Earlier this month, a schoolboy found a coin dating from the New Testament era whilst on a class trip in Israel.

On January 27, 2019, The Times of Israel reported:

A boy found a 2,000-year-old coin from the Second Temple-era rule of Herod Agrippa, the last king of Judea, during a hike last week in the northern West Bank.

The rare piece was uncovered in the Shilo stream during a school trip, according to a Sunday statement from the Coordinator of Government Activities in the Territories (COGAT), an Israeli body that administers civilian matters in the West Bank under the Defense Ministry.

The coin features three stalks of grain on one side, and a royal canopy surrounded by an engraving reading “King Agrippa” on the other side.

The boy notified his tour guide, who, in turn, contacted an employee of the Archaeology Unit at COGAT’s Civil Administration. The boy gave the employee the coin, which was duly analysed.

The coin will soon join the Israel Antiquities Authority’s collection of National Treasures.

I was excited to see this article, even happier when the journalist carefully identified the Herod involved:

Herod Agrippa ruled Judea from 41 CE until his death three years later. He was the grandson of Herod the Great and the father of Herod Agrippa II, the last king of the Herodian Dynasty. He ruled the territory to the satisfaction of the Jews, and was hailed at the time as “Agrippa the Great,” according to Josephus.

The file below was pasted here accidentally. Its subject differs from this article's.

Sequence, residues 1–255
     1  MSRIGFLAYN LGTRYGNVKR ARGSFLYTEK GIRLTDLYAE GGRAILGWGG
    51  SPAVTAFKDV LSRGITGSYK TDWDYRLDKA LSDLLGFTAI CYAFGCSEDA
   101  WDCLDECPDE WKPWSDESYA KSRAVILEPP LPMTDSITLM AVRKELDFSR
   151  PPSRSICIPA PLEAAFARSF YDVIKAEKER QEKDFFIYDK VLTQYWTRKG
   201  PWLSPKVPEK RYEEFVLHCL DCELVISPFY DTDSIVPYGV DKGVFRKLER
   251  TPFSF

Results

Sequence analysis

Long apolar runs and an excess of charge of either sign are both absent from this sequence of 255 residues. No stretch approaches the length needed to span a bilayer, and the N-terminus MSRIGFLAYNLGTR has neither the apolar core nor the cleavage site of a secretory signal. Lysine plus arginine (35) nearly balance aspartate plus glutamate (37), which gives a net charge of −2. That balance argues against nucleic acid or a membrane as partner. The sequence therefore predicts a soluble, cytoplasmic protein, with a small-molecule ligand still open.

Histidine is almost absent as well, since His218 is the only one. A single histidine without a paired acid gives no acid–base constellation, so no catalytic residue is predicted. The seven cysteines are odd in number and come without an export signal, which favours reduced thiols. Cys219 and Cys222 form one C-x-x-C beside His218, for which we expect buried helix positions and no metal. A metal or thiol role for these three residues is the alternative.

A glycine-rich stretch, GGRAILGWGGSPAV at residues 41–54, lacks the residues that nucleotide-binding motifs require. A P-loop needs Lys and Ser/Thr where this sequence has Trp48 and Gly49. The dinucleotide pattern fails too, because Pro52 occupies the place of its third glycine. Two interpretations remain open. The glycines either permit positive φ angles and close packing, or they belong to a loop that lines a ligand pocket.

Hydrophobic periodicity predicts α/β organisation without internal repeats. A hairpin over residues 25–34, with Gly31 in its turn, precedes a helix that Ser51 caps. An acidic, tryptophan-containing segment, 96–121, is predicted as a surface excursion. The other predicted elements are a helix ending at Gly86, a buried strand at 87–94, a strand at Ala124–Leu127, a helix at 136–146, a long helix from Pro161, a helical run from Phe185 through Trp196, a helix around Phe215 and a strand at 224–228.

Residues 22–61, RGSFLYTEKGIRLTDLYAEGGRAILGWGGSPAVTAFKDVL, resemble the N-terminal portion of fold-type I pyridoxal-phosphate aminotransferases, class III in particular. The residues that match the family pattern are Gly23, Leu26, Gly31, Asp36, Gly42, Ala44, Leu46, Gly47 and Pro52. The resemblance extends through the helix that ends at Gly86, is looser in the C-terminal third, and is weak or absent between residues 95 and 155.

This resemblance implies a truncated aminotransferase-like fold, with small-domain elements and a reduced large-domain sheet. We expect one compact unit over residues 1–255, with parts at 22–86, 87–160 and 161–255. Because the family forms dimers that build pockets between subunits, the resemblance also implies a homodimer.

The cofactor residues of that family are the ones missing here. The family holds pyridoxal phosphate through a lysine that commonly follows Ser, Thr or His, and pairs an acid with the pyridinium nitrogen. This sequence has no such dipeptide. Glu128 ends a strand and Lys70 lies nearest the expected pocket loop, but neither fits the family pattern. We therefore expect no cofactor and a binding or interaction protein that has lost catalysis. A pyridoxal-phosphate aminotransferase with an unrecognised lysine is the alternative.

In Acts 12, St Luke — the author of Acts — wrote of how Agrippa had James (John’s brother, the sons of Zebedee) beheaded, put Peter in prison and not long afterwards, after an angel of the Lord released Peter from prison, he received a divine judgement: death by worms, which ate him alive.

The Jewish historian Josephus wrote that it took five days for the worms to consume his body.

I am amazed by the ancient finds that continue to turn up.

In London, as the exciting new Crossrail line is being built, archaeologists are still examining sets of skulls unearthed during construction a few years ago. The skulls date to around 100-110 AD, so, during the Roman rule of Britain — and not that long, relatively speaking, after Herod Agrippa I’s death. But I digress.

In closing, when I get to Acts 26 in my Forbidden Bible Verses series, I will be writing about St Paul’s encounter with Herod Agrippa II.